13. STABLE ISOTOPE CHRONOLOGY AND PALEOCEANOGRAPHIC HISTORY OF SITES 963 AND 964, EASTERN MEDITERRANEAN SEA1

Michael W. Howell,2,6 Robert C. Thunell,3 Enrico Di Stefano,4 Rodolfo Sprovieri,4 Eric J. Tappa,3 and Tatsuhiko Sakamoto5

ABSTRACT

Oxygen and carbon isotope measurements were performed on the planktonic foraminifer Globigerina bulloides from Ocean Drilling Program Site 963 in the Strait of Sicily and Site 964 in the Ionian Sea. Isotope records from both sites reflect regional climate changes in the Mediterranean superimposed on a global climatic signal. The early to late Pleistocene delta18O record of Site 963 indicates that major climatic coolings occurred at approximately 0.98 and 0.45 Ma. The Site 964 delta18O record extends into the early Pliocene and indicates that significant decreases in temperature and/or global ice volume occurred at 2.6, 0.98, and 0.46 Ma. Oxygen isotope records from both sites exhibit large amplitude fluctuations during the late Pleistocene associated with the reduction of surface-water salinities because of regional changes in evaporation and precipitation. The magnitude of these regional climate events appears to have been strongly influenced by the extent of global cooling and increases in ice volume. Carbon isotope records from both sites suggest (1) increased input of terrestrial organic matter, (2) higher nutrient concentrations within the photic zone, and (3) intensified surface-water stratification during the formation of sapropels. Data from both sites indicate no difference in the frequency of the surface-water salinity reductions, despite the fact that the deeper site (Site 964) exhibits a higher frequency of sapropels. This suggests that the reduction of surface-water salinities in the Strait of Sicily may have played a different role in the formation of sapropels at that site.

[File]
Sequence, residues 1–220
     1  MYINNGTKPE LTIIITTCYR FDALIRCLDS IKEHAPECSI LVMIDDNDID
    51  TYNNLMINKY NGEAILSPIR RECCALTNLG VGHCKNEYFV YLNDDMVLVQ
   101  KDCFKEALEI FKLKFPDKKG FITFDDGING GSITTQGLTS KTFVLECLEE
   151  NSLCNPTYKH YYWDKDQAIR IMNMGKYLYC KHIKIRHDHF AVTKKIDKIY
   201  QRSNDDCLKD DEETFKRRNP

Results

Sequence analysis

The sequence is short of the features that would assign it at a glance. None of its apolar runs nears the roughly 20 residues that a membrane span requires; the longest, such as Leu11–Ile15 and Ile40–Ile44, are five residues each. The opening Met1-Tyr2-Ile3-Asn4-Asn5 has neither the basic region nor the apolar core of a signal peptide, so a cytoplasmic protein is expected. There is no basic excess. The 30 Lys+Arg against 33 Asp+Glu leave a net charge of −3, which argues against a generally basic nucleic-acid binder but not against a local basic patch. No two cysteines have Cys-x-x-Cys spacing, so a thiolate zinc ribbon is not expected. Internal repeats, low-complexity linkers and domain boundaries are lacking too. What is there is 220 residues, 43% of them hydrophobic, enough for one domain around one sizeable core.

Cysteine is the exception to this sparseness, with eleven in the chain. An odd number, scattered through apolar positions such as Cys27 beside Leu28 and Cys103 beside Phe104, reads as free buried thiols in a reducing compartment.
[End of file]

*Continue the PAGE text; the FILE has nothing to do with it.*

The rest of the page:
1Robertson, A.H.F., Emeis, K.-C., Richter, C., and Camerlenghi, A. (Eds.), 1998. Proc. ODP, Sci. Results, 160: College Station, TX (Ocean Drilling Program).
2SCAMP and Marine Science Program, University of South Carolina, Columbia, SC 29208, U.S.A. howell@psc.sc.edu
3Department of Geological Sciences, University of South Carolina, Columbia, SC 29208, U.S.A.
4Dipartimento di Geologia e Geodesia, UniversitÓ di Palermo, Corso Tukory, 131-90134 Palermo, Italy.
5Division of Earth and Planetary Sciences, Graduate School of Science, Hokkaido University, Sapporo, 060, Japan.
6Present address: Department of Geological Sciences, University of South Carolina, Columbia, SC 29208, U.S.A. howell@epoch.geol.sc.edu